Lamoureux brings good offense without sacrificing defense and brings a physical game. Levinsky seems to be a conservative type who could skate and hit. You definitely have the physical edge here. Boucher is my best offensive defender mentioned thus far and is on Manery's level PP-wise. I think his defense is passable here as well. Reid is there to shore that up and while he isn't going to wow anyone with the puck on his stick, I think he and Boucher fit each other very well.

I want to claim an advantage here, but doing so is mostly because I'm not sold on Levinsky. I like Reid here a lot. I was very high on Lamoureux coming into the draft but the war year concern does loom. I still think he's better than Boucher, but I'm sort of giving him the benefit of the doubt and putting a lot of stock in war year all-star votes in doing so. I mean his career basically started and ended when the war years did. I'm less willing to do the same with Levinsky until I learn more. Unless Levinsky was more than a role player on those teams I see the edge of Reid over him as the swing in Pittsburgh's favor here.

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01-09-2013, 04:15 PM
  #31
BillyShoe1721
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Quote:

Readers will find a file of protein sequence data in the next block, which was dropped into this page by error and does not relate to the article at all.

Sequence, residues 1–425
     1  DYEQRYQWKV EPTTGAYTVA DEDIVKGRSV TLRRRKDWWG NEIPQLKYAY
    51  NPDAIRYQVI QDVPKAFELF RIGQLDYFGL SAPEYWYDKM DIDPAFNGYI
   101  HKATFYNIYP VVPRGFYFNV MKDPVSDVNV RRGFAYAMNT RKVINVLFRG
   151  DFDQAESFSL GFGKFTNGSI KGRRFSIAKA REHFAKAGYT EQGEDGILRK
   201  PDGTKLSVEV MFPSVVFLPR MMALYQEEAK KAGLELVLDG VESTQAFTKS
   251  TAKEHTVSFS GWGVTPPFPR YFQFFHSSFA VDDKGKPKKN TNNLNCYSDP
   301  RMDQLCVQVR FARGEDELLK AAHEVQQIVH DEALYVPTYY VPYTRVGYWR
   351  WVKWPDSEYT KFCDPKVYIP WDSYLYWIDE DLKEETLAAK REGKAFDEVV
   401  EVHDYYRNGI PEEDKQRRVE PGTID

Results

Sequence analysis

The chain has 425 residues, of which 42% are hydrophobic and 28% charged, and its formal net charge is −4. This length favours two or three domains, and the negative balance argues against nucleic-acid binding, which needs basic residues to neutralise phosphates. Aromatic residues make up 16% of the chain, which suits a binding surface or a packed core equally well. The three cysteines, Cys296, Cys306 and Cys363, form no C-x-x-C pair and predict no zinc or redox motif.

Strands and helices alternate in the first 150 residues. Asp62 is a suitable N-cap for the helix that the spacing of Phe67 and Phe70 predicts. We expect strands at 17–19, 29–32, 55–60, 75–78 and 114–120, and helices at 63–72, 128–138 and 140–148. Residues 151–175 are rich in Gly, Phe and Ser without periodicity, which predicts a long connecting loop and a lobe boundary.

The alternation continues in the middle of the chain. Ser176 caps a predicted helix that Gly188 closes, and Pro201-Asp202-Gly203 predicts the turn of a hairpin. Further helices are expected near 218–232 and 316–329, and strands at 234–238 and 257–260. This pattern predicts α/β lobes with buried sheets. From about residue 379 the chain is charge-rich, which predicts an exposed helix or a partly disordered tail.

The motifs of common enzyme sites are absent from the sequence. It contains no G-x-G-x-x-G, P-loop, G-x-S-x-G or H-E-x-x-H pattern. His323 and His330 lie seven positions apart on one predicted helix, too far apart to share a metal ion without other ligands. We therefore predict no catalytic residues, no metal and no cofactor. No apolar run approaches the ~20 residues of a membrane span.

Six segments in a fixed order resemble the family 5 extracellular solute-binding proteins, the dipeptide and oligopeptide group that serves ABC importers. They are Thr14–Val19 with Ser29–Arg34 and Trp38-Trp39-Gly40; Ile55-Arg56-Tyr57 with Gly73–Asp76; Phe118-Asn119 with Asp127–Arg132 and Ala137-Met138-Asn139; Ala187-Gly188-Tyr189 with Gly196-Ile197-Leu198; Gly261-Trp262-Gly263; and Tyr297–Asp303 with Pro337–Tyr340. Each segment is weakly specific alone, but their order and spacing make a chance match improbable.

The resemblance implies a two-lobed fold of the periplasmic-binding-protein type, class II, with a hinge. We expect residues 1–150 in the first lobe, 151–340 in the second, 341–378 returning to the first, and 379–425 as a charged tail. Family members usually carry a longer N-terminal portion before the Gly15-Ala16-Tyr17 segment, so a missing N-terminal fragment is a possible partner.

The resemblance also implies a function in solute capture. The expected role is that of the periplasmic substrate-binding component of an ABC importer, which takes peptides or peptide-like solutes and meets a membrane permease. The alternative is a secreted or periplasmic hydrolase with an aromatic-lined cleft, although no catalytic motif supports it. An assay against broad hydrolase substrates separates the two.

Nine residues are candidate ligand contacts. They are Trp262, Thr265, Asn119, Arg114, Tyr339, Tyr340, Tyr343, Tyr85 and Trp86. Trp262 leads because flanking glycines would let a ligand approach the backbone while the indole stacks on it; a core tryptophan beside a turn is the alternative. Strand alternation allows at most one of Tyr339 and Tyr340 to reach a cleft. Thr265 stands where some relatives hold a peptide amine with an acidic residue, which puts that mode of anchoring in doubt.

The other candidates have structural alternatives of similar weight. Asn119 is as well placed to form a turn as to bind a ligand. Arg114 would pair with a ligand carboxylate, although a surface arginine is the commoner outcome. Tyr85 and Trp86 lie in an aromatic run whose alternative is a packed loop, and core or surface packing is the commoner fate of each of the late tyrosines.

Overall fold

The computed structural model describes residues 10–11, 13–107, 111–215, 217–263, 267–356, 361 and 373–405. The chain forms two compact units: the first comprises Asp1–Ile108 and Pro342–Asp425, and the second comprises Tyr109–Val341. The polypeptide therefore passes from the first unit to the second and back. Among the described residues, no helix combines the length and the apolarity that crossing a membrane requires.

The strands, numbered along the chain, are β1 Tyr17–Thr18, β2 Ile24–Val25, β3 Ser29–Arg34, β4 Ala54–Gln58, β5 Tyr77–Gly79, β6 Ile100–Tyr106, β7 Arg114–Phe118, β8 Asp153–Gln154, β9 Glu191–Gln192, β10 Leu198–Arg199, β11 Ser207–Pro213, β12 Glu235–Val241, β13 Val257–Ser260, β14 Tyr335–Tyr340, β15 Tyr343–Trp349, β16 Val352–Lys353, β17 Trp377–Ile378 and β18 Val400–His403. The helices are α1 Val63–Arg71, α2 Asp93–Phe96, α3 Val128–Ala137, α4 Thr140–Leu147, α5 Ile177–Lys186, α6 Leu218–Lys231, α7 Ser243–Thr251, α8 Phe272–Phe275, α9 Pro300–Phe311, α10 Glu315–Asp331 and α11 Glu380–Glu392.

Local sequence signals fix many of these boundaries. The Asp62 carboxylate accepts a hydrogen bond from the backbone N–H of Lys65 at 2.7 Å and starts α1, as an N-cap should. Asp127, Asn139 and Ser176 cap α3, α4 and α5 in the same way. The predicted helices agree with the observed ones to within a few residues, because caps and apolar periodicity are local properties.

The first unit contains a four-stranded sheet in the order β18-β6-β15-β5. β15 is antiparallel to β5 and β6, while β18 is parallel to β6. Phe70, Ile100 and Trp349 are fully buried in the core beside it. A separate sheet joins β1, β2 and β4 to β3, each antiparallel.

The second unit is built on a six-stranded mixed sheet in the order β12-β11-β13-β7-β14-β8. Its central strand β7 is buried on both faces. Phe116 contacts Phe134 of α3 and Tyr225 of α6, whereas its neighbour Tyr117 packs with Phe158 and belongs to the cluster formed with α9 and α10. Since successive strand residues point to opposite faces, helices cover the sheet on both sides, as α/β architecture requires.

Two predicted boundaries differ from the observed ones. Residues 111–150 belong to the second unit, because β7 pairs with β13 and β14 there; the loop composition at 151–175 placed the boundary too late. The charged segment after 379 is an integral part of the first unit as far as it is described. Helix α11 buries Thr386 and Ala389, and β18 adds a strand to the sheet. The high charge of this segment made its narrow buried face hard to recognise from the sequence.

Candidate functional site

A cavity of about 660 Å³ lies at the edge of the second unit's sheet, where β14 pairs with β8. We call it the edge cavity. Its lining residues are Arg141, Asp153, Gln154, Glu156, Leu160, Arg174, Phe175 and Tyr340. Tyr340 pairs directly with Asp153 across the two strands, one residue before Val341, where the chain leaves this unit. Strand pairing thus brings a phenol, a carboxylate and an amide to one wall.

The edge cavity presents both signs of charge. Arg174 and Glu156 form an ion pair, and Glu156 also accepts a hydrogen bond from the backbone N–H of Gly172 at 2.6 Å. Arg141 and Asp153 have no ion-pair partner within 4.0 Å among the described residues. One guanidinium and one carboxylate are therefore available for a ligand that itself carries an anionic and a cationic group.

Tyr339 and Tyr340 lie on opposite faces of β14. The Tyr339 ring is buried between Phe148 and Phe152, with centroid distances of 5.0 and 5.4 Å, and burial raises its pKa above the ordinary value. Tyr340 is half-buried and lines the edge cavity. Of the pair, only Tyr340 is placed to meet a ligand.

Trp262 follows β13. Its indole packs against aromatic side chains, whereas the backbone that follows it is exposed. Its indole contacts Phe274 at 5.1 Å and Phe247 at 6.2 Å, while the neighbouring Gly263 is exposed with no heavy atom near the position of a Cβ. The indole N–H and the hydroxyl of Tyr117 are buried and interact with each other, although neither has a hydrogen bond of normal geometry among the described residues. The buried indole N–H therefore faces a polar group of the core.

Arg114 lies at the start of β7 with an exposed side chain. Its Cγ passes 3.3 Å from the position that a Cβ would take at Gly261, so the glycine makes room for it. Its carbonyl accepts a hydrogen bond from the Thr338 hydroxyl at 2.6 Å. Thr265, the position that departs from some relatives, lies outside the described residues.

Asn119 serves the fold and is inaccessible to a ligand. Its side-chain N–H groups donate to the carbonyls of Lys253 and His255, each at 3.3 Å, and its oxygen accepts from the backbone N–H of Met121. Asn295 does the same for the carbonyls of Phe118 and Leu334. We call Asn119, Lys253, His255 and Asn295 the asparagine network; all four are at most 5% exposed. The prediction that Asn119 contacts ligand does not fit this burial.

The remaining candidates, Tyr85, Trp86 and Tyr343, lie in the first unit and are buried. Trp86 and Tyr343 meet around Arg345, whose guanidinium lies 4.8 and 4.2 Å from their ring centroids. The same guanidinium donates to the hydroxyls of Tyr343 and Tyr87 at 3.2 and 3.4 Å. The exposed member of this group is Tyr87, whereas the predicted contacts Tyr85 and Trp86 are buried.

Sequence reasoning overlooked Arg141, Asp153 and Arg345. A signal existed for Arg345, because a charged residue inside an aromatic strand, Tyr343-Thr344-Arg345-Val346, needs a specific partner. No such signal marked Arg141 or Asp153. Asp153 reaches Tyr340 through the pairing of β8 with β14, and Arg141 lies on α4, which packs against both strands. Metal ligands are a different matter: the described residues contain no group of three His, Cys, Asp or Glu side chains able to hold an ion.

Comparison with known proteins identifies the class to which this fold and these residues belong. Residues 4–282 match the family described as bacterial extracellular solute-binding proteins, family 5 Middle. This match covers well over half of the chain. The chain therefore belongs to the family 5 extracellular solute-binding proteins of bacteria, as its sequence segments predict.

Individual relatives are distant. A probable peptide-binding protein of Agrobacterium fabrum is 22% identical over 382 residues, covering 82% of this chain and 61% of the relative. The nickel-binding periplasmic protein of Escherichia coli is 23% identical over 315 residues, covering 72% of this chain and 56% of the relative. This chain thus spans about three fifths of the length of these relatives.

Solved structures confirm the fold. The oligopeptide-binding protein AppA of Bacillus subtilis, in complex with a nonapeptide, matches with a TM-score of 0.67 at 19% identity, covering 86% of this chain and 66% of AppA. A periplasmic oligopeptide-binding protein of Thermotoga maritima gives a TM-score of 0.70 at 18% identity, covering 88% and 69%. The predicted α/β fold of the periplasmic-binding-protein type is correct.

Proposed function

Originally Posted by Bring Back Scuderi View Post
I want to claim an advantage here, but doing so is mostly because I'm not sold on Levinsky. I like Reid here a lot. I was very high on Lamoureux coming into the draft but the war year concern does loom. I still think he's better than Boucher, but I'm sort of giving him the benefit of the doubt and putting a lot of stock in war year all-star votes in doing so. I mean his career basically started and ended when the war years did. I'm less willing to do the same with Levinsky until I learn more. Unless Levinsky was more than a role player on those teams I see the edge of Reid over him as the swing in Pittsburgh's favor here.
Reid impresses me. He lugged a decent amount of ice time for being a non-factor offensively. Here's what I've got in Levinsky:

-Known mostly as a stay at home defenseman that had good skating ability. Despite being known as a stay at home defenseman, he finished 11th, 6th, and 14th in scoring among defensemen. It's nothing tremendous considering there weren't that many regular defenseman, but the fact that he was known as a stay at home defenseman, but still put up solid point totals, says something.